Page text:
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Impact versus "authority" in scientific journals
by Ruggero Pardi
20 March 2015

Take a look at an intriguing commentary that just came out on ASCB. It refers to an editorlial that was just released on Genetics by Mark Johnston, its Editor-in-chief. The metrics assessed by Johnston is interesting: the scientific "authority" of science journals' editors, as judged by their own H index. As it turns out, the "Journal Authority Factor", as he dubs it, is quite often inversely proportional to the Journal's Impact Factor. It follows that there are good chances that by sending out your work to a "single-worded title" journal with high IF, you are likely to get a less balanced and competent assessment. If one considers that the vast majority (in excess of 85%) of papers submitted to high impact-broad focus journals is rejected editorially, you may very easily run the risk of missing a fair assessment of your work.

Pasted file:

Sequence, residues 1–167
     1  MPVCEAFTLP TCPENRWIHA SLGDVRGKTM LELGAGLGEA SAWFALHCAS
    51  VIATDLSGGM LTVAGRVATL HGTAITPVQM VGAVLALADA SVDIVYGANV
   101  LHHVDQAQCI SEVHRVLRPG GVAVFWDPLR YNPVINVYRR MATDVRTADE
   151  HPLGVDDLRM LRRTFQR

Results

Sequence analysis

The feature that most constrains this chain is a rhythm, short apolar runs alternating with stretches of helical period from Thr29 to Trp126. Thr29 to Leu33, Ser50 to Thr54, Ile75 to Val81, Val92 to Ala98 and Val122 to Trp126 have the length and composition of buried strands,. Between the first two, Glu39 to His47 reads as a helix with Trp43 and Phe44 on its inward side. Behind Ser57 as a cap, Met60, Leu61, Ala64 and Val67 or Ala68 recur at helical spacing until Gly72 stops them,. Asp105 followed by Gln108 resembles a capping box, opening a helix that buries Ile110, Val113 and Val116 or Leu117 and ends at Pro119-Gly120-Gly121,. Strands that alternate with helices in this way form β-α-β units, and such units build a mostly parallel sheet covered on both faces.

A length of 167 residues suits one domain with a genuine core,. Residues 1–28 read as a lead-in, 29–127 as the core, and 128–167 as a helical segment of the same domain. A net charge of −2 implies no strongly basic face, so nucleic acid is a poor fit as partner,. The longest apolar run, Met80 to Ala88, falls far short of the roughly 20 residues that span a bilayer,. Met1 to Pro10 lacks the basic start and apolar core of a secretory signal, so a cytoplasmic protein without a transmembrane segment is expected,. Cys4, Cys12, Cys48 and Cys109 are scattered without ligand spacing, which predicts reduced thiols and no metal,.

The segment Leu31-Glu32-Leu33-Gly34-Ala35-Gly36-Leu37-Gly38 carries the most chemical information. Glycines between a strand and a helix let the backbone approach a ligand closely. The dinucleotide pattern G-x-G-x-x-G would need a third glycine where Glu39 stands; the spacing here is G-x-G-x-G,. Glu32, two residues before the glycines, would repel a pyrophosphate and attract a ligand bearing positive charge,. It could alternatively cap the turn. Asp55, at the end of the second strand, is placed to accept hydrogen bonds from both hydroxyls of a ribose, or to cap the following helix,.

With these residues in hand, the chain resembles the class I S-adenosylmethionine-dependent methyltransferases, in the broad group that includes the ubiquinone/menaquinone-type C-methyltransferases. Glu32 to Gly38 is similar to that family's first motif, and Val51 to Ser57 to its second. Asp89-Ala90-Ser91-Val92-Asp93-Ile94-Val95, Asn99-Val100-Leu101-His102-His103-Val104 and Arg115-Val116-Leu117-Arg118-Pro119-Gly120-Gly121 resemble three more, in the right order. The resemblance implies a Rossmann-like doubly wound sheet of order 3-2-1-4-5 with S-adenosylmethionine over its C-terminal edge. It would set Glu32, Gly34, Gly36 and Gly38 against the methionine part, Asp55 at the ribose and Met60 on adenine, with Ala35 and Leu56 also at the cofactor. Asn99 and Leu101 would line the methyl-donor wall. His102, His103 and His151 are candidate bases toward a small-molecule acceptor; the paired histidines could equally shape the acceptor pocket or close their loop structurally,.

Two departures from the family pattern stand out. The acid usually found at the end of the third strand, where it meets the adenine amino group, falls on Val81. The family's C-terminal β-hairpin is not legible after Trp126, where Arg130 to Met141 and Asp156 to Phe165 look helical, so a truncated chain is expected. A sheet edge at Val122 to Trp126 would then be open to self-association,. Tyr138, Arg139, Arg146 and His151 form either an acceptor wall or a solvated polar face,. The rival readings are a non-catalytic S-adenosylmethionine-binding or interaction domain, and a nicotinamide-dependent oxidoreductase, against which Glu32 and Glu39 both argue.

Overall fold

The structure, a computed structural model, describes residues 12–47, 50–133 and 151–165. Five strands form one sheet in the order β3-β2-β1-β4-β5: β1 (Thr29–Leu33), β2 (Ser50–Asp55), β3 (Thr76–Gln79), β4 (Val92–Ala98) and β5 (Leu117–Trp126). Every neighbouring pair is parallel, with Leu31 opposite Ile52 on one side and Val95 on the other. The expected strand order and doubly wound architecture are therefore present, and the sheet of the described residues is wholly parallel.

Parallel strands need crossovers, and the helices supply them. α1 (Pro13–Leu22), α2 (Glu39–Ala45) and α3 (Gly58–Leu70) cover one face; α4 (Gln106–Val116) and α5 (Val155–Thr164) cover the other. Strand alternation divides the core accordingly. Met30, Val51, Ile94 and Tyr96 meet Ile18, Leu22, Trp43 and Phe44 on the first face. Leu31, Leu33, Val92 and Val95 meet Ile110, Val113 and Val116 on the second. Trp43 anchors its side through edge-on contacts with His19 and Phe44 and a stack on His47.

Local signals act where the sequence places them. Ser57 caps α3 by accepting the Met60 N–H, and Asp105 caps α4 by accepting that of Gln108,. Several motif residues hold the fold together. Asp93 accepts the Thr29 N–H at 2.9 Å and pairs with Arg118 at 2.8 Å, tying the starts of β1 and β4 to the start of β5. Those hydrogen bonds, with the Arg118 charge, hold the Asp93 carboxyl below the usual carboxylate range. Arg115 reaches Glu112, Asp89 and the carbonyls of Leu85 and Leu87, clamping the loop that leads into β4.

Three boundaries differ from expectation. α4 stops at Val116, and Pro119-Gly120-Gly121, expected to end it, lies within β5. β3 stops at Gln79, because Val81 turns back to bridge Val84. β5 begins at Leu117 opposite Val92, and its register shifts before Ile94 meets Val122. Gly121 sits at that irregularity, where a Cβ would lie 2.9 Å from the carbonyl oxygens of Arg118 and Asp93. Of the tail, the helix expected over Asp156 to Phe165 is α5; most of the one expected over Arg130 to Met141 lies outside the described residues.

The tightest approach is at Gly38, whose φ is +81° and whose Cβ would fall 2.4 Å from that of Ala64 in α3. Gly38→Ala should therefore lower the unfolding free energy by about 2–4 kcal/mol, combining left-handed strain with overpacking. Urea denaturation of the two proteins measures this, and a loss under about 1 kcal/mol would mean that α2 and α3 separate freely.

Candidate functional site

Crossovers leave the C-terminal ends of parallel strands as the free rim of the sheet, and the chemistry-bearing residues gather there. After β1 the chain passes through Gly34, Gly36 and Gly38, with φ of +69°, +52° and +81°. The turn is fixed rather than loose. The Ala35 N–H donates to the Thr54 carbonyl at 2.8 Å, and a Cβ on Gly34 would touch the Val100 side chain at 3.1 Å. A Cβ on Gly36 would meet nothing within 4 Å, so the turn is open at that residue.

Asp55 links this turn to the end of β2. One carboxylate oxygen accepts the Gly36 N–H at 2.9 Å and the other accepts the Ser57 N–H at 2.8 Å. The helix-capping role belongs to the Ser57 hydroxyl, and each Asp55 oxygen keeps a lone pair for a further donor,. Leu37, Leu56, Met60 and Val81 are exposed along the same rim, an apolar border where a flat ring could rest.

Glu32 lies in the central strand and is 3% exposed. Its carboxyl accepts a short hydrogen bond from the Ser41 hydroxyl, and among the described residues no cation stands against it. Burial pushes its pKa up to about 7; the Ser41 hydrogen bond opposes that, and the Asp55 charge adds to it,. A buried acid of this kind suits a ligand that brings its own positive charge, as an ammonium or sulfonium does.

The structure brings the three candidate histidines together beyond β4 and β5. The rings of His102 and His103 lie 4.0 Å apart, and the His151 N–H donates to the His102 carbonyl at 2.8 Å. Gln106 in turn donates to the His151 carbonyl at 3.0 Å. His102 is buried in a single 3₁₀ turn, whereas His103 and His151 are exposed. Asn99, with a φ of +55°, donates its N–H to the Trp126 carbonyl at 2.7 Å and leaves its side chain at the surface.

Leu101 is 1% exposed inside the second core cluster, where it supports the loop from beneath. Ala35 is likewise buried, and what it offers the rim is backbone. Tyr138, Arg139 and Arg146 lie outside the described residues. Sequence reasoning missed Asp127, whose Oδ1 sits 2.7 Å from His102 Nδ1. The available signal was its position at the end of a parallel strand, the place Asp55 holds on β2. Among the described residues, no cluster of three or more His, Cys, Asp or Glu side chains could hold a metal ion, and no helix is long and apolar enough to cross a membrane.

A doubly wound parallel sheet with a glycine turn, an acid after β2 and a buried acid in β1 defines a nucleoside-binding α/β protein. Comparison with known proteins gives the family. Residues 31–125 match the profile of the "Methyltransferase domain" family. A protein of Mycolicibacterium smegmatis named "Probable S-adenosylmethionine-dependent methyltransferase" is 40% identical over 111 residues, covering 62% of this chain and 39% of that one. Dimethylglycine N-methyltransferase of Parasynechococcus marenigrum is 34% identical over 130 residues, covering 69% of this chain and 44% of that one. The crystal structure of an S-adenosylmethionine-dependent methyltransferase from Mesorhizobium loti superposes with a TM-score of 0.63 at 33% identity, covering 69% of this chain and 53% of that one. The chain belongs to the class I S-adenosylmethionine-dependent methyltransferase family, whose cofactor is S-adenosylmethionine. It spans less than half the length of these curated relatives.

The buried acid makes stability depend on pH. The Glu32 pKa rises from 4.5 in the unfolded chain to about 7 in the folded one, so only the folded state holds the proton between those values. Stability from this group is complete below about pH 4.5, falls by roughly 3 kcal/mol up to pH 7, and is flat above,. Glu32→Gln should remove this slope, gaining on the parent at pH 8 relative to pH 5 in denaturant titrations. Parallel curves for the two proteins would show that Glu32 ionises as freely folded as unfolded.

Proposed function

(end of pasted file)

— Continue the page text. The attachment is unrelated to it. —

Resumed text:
So, what's new? Nothing indeed. We all knew that. But there is no question that the current journals's metrics creates a distortion on issues in our professional lives that not only deal vith visibility of our work but also, inevitably, with our own chances to make progress in our careers. And that is obviously true also for a young investigator who decides to venture into an academic career path in our Country.

The Editorial by Johnston is open access. You can download it here it you wish.

San Raffaele University School of Medicine, Milano
ABCD Past President [2014-2016], Professor of Basic Pathology
We study adhesion-generated signaling pathways and their impact on the pathophysiology of higher order processes such as cell proliferation, migration and survival. Signals originating from adhesive interactions act as a "sense of touch" in metazoans. As such, these signals are variably de-regulated human disorders including chronic inflammatory diseases and the early stages of cancer.